Would you believe United States employees cost their employers $650 billion in productivity costs in the seconds it takes for them to return attention back to the task at hand? The time spans lost are the same amount of time required to interpret a CAPTCHA. E-mail, instant messaging, Twitter, etc. are all distractions from getting the work done. Those who choose to disconnect or limit the distractions improve their productivity. At least that is what the technology corporations studying the problem have decided. I have my doubts. This sounds like a restating of “all employees with access to the Internet just surf all day and get nothing done.”
What I like about instant messengers is they are more efficient than email but cheaper than a long distance phone call. By marking availability status, employees alert others not to contact them. Employees also may ignore messages until they have are done concentrating on the task at hand. Another article, also from the New York Times, supports this view employees using instant messengers effectively are not distracting.
Looking at an alert just to decide whether to respond would “waste time.” Then again, so would talking about a cool movie, the family, or any of the standard means of bonding which establish trust between individuals (without which far more time would be wasted in mistrust).
Guess there will be more research to debate what is really the problem.
Did you do anything for Loving Day? Do you even know what it is? From the site….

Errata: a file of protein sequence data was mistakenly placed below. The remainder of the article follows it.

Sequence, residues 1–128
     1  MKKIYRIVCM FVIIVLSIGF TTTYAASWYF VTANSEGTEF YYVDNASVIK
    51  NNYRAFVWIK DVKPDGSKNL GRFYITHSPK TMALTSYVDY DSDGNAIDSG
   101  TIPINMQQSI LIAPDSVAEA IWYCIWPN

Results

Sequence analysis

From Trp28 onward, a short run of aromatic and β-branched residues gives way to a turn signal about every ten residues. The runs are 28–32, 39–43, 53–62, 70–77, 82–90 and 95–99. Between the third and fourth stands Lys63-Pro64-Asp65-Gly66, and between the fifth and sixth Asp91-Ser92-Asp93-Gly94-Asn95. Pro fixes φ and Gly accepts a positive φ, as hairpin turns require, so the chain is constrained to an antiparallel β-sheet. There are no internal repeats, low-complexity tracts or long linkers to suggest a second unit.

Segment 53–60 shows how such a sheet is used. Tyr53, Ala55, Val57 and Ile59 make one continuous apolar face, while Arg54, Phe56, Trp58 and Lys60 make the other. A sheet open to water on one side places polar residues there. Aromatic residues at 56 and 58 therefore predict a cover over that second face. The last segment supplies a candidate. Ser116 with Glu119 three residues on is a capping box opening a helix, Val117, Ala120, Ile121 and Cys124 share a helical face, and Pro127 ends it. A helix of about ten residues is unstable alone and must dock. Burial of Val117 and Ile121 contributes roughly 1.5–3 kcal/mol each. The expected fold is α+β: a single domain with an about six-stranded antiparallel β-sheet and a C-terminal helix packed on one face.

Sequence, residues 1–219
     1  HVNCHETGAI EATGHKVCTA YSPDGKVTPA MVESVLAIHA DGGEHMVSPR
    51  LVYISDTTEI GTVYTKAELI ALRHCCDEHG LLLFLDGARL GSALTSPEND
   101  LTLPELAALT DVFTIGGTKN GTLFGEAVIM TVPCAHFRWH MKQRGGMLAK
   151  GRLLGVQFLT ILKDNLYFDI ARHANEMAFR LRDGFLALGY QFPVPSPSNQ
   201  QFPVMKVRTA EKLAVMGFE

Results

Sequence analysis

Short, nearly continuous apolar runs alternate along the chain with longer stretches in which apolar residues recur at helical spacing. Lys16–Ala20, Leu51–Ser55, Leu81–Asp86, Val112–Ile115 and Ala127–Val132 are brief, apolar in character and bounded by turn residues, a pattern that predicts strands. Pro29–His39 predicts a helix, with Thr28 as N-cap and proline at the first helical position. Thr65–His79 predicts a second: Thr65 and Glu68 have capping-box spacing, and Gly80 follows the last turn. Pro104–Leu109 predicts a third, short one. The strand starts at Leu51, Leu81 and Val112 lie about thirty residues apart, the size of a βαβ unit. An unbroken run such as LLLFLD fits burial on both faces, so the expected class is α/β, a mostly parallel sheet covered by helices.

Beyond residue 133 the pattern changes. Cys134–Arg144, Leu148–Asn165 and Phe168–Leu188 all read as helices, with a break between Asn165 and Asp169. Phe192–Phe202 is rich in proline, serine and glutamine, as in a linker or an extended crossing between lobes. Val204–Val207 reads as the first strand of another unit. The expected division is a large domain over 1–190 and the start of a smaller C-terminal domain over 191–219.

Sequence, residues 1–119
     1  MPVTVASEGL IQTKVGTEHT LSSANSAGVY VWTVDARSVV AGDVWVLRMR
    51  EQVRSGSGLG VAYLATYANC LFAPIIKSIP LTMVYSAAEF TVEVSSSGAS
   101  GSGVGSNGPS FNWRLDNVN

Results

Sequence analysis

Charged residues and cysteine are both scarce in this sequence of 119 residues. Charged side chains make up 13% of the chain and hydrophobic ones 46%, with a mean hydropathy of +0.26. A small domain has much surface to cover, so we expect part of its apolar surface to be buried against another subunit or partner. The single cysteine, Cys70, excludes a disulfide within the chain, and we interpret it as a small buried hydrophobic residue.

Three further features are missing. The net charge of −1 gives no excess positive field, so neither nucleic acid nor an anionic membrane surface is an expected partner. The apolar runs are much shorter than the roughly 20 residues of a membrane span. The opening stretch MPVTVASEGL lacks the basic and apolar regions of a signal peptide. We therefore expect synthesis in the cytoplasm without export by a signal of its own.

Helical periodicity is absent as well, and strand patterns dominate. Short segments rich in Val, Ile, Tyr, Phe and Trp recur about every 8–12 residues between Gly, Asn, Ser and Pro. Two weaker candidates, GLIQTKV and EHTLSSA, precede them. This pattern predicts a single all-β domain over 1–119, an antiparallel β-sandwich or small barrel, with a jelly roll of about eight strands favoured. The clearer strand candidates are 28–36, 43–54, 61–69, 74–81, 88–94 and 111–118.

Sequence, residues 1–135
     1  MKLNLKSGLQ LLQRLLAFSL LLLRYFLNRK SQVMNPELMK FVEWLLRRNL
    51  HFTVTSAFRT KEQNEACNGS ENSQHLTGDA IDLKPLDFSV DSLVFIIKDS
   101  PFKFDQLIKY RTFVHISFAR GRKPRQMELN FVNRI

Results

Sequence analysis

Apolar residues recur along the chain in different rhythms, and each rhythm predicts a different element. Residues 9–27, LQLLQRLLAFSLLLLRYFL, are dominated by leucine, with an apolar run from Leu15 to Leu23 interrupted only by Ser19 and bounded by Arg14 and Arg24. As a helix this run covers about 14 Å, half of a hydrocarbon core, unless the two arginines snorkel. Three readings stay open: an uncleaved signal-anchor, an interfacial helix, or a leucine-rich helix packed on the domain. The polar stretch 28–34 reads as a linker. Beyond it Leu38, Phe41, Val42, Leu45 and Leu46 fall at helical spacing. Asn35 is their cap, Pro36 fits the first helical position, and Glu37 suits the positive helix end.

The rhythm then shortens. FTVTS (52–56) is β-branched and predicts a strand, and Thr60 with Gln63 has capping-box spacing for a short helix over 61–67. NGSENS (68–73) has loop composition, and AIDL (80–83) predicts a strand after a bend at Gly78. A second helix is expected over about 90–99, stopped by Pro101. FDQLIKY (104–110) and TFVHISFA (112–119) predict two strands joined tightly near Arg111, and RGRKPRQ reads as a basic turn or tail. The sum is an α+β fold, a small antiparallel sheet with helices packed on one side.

Loving Day is an educational community project. The name comes from Loving v. Virginia (1967), the landmark Supreme Court decision that legalized interracial marriage in the United States. Loving Day celebrations commemorate the anniversary of the Loving decision every year on or around June 12th.
This is personal for me.
When my parents went to get married (after this decision), the Justice of the Peace refused to grant them the marriage license, citing a state anti-miscegenation law. Lately, Mom has been adding to the story: This was a huge deal within my parent’s circle of friends. Some, excited at the prospects of making national news, encouraged them to fight the decision and sue the state to grant the marriage just like Loving v. Virginia. Other encouraged them to avoid the confrontation and attention.
In college, I found a death threat written to Mom once about her dating Dad. When I confronted her about this, she told me this was actually benign compared to the face-to-face threats and even the rifle the neighbor across the street at times trained on my dad.
So my parents were intimidated against making a similar fight. They found someone in another state who willingly married them without the fuss.
rating: 5 of 5 stars
Reading the DSM-IV about ADHD sounded to me more like the behavior over a typical boy than a mental illness. Thom theorizes a gene came about which allowed our ancestors to survive an intense period of ice ages. This gene, when triggered, exhibits behaviors teachers find abhorrent in the Prussian style education system of the United States better geared to producing soldiers and factory workers than scientists and creators.